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That “TIGHT” Muscle May Actually be a “WEAK” Muscle

Carpenters Wellness CenterSenad Sabanagic, DPT | Jan 17, 2024

One of the most common reasons patients seek orthopedic care is for aches and pains related to “tight” muscles. Often a tight neck, low back, etc., keeps you from comfortably driving, bending to pick up tools, or stand for long periods. If you’re spending a lot of time stretching only to notice short term relief, then you might be surprised to find out the issue is actually a weak muscle instead of a tight muscle. What you’re feeling isn’t “tightness” but… weakness.

Asking your muscle to perform actions or tolerate positions which it might not be ready to handle may cause it to feel fatigued. Think of muscle tension being similar to pain; the “pain” is typically not the problem but a message in response to a problem.

In some cases, a muscle may feel “tight” because it has actually physically shortened and requires stretching in order to lengthen it again. But, in other cases, you may feel tense because your muscles are increasing their natural tension to provide a passive “pseudo-strength.” A muscle increases it’s natural tenson as a response to lacking the strength, endurance, or even due to poor inflammation management around tissue. Stretching that tissue will never correct the issue, and you will constantly be “stuck” in a cycle which can get harder to break with time. 

Why does massage or stretching help “short term” if the problem is strength? Your strength is impaired by inflammation surrounding a muscle or joint. Inflammation is a normal part of life that occurs with all activities. It’s impacted by a lot of factors including diet, quality sleep, and stress. Inflammation is well managed by movement. Stretching a muscle or joint will help get rid of inflammation via the lymphatic system which carries 85% of the inflammation in our body.  Removing inflammation helps “turn on” our muscle fibers that were impaired causing us to be weaker temporarily. This lymphatic system is not very deep, it lies in a layer of fascia between our skin and muscles. Managing inflammation isn’t as always difficult as preventing it.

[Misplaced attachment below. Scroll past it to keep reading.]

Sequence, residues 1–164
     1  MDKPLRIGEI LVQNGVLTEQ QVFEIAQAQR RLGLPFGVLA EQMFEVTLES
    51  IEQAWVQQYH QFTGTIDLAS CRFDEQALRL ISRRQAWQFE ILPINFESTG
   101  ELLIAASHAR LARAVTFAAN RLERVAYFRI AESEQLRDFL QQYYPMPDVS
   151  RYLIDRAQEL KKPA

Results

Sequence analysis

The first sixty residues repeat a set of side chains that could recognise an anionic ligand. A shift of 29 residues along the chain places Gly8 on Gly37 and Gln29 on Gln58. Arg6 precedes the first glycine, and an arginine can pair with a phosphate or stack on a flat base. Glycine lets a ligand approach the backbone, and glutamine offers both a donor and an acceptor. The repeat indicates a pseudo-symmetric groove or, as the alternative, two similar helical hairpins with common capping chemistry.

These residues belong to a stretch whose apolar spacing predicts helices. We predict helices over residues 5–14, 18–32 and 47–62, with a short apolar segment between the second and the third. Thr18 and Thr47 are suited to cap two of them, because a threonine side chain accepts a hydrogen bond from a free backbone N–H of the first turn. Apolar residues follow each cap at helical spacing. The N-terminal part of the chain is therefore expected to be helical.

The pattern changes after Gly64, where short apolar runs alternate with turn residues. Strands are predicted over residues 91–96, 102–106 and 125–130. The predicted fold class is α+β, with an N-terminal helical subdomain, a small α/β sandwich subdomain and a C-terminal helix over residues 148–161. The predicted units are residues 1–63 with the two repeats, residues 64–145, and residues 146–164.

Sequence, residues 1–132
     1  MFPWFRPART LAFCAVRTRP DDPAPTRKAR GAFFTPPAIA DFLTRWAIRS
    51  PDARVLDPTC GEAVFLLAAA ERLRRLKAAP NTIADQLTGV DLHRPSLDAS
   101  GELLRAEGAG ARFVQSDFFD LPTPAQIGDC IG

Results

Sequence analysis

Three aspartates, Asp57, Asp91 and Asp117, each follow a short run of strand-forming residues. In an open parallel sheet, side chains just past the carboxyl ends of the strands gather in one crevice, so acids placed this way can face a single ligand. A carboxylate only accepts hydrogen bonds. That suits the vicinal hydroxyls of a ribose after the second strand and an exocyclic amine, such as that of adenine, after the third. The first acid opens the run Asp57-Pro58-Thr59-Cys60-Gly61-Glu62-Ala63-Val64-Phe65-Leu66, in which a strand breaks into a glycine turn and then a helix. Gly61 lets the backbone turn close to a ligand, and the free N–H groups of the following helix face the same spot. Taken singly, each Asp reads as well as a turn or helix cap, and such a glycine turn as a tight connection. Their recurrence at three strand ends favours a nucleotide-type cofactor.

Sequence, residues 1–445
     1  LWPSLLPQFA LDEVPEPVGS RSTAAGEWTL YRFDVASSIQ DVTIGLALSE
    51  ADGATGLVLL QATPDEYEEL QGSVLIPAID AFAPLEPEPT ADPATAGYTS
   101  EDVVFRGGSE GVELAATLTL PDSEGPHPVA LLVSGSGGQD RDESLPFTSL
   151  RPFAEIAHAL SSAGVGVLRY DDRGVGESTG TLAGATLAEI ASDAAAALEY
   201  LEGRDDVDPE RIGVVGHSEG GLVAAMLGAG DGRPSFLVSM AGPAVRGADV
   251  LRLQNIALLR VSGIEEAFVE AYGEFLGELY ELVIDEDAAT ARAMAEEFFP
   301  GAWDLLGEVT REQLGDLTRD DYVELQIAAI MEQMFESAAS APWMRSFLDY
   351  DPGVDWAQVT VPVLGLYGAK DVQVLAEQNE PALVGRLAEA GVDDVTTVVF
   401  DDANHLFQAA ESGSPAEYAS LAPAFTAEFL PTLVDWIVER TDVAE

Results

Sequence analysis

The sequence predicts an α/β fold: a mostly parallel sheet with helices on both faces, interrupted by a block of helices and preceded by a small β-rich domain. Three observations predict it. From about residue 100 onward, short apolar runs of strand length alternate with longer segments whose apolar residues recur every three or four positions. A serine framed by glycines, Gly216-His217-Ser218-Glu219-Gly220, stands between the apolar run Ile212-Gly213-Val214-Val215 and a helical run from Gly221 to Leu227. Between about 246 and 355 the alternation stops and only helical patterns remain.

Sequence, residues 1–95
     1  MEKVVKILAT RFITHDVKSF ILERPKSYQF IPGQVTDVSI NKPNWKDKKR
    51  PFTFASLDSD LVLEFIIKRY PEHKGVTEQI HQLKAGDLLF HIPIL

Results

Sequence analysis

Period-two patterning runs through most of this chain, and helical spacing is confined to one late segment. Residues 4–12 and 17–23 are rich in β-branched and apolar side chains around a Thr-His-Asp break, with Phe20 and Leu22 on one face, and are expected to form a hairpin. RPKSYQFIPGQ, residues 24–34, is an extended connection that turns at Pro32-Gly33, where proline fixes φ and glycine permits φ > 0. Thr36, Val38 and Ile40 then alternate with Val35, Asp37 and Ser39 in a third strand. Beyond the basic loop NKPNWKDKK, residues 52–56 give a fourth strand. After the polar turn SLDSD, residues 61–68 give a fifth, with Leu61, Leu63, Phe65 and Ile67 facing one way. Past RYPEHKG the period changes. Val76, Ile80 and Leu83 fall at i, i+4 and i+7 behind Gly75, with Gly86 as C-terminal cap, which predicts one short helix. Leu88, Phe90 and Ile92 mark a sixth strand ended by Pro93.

Massage will help guide the inflammation away and the pressure helps stimulate muscle fibers below to “turn on” fibers temporarily. Stretching and massage are great tools for short term relief to get through a day of work or an activity. Unfortunately, they do not build muscle long term. The only way to build muscle is through exercise -it takes work! Exercise increases the size of fibers which provides more strength or endurance to stand longer, walk further, and lift more effectively so you no longer feel “tension” in muscles from these activities. Physical therapists specialize in guiding you gradually through strength + endurance exercises to make activities more comfortable without that pain or “tightness” in your muscles. 

Physical therapy services are included in your benefits under the health plan. Peak Sport & Spine is your go-to source for physical therapy at no additional cost to you, with no copays for services provided. Peak Sport & Spine has two therapists located in Carpenters Wellness Center, but you also have access to most Peak Sport & Spine location in all of Missouri, Illinois, and eastern Kansas. You may call any Peak Sport & Spine clinic as a Union Carpenter or dependent covered under the health plan and be seen without a doctor’s note, insurance pre-authorization, or having seen any other prior healthcare provider. We look forward to working with you to get back doing what you want to do without the limitation of pain or stiffness. 

Tasha R. Stanton, G. Lorimer Moseley, Arnold Y. L. Wong, & Gregory N. Kawchuk. (2017). Feeling stiffness in the back: A protective perceptual inference in chronic back pain. Scientific Reports, 7(1), 1-12.

Hargrove, T (2017) Why do muscles feel tight? Physio-Network

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